XANAX – what you need to know

Why do I need to know about Xanax?

According to the most recent national drug survey, there has been a significant increase in the use of Xanax by young people.

Alprazolam (Xanax) is controlled by the Misuse of Drugs Act 1971, therefore possession without a prescription or supplying the drug to others is a criminal offence. A finding of guilt can jeopardise future career prospects of adults and young people.

What is Xanax?

Alprazolam is a benzodiazepine with an intermediate onset of action (the time frame between taking the drug and it producing an effect), it is best known by the brand name Xanax. It was first introduced as a treatment for anxiety and panic disorder in the US in 1981 and became a popular recreational drug.

  • Xanax is not available on an NHS prescription. Therefore, the tablets young people are using are not misused prescription medications but instead being bought from on-line shops
  • Xanax can be found in various shapes and colours but more commonly in rectangular bars, white or off white in colour, bearing the name of Xanax. Young people are using the street name ‘bricks’.
  • There are a number of counterfeit Xanax bars in circulation, this gives added concern for safety of the user. These counterfeit tablets could contain other very powerful drugs which could lead to added complications and overdose.

Benzodiazepines can be used on their own but are also commonly used with alcohol and a range of other drugs; they have become popular amongst young people but carry a significant risk of overdose if used in conjunction with other drugs which suppress the Central Nervous System (e.g. Heroin)

What are the side effects of Xanax?

The after effects of Xanax are commonly reported by recreational users the following day as signs of hostility and aggression, vivid dreams, irritability and grogginess. There have been anecdotal disclosures of ‘black outs’ and time loss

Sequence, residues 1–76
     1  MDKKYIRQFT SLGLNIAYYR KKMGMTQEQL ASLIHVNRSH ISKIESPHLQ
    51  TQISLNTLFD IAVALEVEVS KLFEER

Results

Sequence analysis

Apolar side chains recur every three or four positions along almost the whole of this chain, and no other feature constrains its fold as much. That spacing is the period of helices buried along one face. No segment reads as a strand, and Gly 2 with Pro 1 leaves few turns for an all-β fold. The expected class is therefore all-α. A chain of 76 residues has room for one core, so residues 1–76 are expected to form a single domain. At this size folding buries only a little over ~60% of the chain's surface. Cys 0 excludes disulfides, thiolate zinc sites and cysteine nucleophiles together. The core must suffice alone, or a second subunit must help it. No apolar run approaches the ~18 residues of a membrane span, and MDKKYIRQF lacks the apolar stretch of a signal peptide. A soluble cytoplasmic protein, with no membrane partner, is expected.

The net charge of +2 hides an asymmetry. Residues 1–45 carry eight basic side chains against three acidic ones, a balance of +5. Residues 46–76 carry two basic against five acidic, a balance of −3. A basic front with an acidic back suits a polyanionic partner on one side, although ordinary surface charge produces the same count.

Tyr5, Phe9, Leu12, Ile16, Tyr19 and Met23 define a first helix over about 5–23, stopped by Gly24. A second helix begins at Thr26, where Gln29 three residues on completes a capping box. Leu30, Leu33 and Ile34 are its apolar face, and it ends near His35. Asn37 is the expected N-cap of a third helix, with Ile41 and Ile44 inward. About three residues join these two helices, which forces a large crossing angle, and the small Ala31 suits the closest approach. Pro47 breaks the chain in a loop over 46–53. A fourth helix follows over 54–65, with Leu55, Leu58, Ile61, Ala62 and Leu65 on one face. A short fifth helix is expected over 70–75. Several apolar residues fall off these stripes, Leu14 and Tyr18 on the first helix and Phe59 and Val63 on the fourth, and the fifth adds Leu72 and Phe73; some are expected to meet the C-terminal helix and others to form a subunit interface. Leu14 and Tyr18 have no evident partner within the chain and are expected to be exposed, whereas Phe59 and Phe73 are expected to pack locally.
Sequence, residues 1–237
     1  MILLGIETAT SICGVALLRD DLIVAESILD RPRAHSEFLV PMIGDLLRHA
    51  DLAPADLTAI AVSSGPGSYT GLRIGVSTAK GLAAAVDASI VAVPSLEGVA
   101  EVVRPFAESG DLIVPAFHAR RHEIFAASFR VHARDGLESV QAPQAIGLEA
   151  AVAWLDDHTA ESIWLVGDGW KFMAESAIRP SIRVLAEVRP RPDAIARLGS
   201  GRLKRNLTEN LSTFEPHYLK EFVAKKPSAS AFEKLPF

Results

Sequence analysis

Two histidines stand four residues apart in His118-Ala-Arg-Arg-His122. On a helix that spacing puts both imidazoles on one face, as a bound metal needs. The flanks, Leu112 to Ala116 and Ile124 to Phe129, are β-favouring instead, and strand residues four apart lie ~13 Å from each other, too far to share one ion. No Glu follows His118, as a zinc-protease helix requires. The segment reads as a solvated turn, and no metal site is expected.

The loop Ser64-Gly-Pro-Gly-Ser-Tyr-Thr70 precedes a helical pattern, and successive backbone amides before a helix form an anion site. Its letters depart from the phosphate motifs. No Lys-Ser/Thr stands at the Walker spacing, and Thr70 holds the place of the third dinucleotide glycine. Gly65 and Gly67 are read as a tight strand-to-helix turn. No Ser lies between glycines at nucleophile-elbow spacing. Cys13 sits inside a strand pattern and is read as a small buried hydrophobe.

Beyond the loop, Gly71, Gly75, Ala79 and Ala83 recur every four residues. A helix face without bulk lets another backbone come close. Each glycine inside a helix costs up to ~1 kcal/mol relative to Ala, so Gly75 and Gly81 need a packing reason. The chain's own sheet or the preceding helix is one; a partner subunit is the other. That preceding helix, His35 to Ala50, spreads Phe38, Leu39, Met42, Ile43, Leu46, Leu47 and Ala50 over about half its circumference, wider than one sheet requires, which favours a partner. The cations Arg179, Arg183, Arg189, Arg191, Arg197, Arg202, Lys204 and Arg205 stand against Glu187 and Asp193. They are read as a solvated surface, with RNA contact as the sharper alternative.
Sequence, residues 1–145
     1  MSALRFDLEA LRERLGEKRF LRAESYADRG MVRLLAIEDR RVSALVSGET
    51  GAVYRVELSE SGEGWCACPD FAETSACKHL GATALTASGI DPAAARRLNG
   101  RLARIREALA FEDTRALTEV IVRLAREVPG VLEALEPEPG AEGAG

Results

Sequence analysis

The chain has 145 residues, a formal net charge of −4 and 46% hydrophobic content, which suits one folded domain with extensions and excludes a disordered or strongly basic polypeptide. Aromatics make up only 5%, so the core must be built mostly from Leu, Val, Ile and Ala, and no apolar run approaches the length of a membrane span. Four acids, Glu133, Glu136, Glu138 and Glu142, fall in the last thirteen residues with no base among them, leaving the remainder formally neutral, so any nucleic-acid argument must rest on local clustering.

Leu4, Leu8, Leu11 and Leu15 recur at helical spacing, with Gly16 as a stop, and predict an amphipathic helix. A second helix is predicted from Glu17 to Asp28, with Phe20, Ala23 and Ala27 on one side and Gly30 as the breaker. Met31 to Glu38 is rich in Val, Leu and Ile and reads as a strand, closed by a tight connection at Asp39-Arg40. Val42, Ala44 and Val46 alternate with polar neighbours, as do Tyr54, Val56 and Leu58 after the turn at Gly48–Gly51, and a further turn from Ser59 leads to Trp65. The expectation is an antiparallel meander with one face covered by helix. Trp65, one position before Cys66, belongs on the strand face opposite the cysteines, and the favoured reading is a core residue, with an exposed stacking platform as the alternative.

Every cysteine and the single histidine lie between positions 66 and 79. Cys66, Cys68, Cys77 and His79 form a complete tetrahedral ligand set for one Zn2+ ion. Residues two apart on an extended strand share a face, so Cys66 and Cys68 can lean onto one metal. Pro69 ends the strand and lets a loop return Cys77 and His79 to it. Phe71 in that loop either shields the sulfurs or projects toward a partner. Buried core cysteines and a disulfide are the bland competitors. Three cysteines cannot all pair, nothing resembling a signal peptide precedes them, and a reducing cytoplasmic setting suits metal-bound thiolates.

Signs of overdose include confusion, impaired coordination, diminished reflexes and coma and overdose death has been reported.  Careful and expert medical help is needed to completely withdraw from use as the psychosocial reasons for use need to be addressed. 

In the event of any serious adverse reactions or illness in an individual who has taken Xanax, seek immediate medical attention from A & E or call an ambulance.

What can I do?

If a user becomes unconscious, you place them in the recovery position to prevent chocking and then call for an ambulance.

If you are aware of anyone using an illicit drug, this includes medication which has not been prescribed for them, please encourage them to seek help.  They can get help from their GP or Turning Point Drug and Alcohol Service: https://www.turning-point.co.uk/. Turning Point have a dedicated youth service working with people up to their 25th birthday.

If you have information regarding the supply of an illicit drug of any description which includes the diversion of prescribed medication, please contact Crimestoppers anonymously on 0800 555 111.

The above information is courtesy of Suffolk County Council.

As a foster carer you will need to be aware of the impact of drugs and alcohol on young people. The following organisations provide more information, help and support for families and young people.

YOUNGMINDS – Charity supporting young people’s mental health. Drugs & Alcohol Guide

WithYou – Drug, alcohol and mental health charity supporting 100,000 people a year – Young Person’s Services

FRANK – Talk To Frank – A service providing facts, support and advice on drugs and alcohol – Information about XANAX / BENZODIAZEPINES


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